Their fear isn’t unfounded. Witness the mayhem that ensued earlier this year when Target debuted its Missoni collaboration. Stores across the country were cleaned out of most items within 15 minutes, and Target’s Web site crashed. Within days, Missoni items showed up on eBay for exorbitant prices. “This was Missoni mayhem,” Joshua Thomas, a Target spokesman, told the Associated Press. “This is unprecedented.”
H&M is working hard to prevent the mob scene that Target shoppers endured by setting boundaries to discourage hoarding and bad behavior. According to Fashionista, the first 280 female shoppers in line will receive color-coded wristbands. The wristbands designate the time that shoppers are allowed to be in certain sections of the store, with a 15-minute window for each section. H&M isn’t counting on a big rush on their men’s collection, so male shoppers won’t need a wristband. Once the first 280 shoppers are finished, the store will open up to all other customers.
To keep shoppers from hoarding, there is an item limit: “Every customer can buy from the entire collection, but with a limit of purchasing a maximum of two pieces per product, i.e. not more than two sizes (shoes/garments) or pieces (accessories) per product per customer. The shopping limit covers the entire Versace for H&M collection. Your place in line does not guarantee any items from the Versace for H&M collection,” the guidelines say.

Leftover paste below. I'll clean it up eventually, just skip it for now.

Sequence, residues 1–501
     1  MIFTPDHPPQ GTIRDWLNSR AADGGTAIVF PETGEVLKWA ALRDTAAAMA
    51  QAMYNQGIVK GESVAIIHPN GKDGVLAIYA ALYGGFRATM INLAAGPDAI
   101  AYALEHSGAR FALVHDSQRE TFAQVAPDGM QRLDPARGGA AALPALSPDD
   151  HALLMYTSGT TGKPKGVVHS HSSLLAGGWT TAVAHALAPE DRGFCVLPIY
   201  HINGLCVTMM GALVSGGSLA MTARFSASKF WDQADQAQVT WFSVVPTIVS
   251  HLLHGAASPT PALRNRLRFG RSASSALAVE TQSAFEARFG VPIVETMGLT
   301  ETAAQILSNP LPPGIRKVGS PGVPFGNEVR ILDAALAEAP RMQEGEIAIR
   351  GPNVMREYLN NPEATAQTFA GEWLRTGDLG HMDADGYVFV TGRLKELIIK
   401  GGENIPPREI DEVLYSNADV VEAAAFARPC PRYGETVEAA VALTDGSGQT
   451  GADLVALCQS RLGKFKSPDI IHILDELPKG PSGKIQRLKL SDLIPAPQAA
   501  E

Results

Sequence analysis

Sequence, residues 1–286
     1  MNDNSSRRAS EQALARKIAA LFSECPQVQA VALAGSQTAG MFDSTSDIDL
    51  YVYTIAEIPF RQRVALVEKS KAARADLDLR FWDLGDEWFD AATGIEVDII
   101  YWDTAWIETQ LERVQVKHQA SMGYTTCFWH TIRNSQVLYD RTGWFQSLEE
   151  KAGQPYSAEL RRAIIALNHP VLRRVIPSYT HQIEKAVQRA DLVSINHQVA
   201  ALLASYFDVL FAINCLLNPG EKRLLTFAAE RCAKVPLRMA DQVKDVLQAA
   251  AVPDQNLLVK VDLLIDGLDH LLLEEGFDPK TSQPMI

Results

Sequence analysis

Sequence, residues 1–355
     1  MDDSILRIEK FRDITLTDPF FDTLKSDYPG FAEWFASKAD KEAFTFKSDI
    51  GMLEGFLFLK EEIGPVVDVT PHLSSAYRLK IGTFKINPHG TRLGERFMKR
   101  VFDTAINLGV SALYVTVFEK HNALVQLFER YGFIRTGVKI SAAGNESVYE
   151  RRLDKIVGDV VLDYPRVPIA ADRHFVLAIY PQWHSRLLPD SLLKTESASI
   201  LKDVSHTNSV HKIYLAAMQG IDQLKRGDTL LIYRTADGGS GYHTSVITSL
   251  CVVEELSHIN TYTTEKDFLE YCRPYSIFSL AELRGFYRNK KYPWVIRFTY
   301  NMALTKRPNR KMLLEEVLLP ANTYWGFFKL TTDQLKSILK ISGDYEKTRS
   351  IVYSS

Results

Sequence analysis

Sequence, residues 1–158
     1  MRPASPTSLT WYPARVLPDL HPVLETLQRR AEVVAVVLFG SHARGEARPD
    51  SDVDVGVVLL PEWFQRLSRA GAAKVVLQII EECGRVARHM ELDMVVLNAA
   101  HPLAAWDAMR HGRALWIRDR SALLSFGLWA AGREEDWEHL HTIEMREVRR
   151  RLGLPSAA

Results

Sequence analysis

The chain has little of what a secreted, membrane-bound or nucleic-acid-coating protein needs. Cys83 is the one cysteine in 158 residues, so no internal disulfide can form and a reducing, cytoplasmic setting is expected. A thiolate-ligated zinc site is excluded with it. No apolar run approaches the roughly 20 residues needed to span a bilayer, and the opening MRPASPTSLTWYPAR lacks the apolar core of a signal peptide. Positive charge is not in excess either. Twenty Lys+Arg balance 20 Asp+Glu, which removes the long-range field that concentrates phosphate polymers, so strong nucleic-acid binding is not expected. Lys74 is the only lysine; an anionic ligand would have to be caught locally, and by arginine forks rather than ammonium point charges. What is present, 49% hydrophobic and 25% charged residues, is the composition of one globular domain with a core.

It’s hard to say if these rules will do much to deter a frenzy, though, if the European and Asian stores are any examples. The collection debuted there a day earlier, and two people were injured in a fight over clothing in a Hong Kong store. When one of the 300 women waiting in line was accused of line-cutting, she left and allegedly returned with two muscular men who beat up the two security guards, according to the Hong Kong Standard.
In Britain, Dubai and Beijing, many stores sold out of their collections within 30 minutes, and clothing is already ending up on eBay, according to Marie Claire.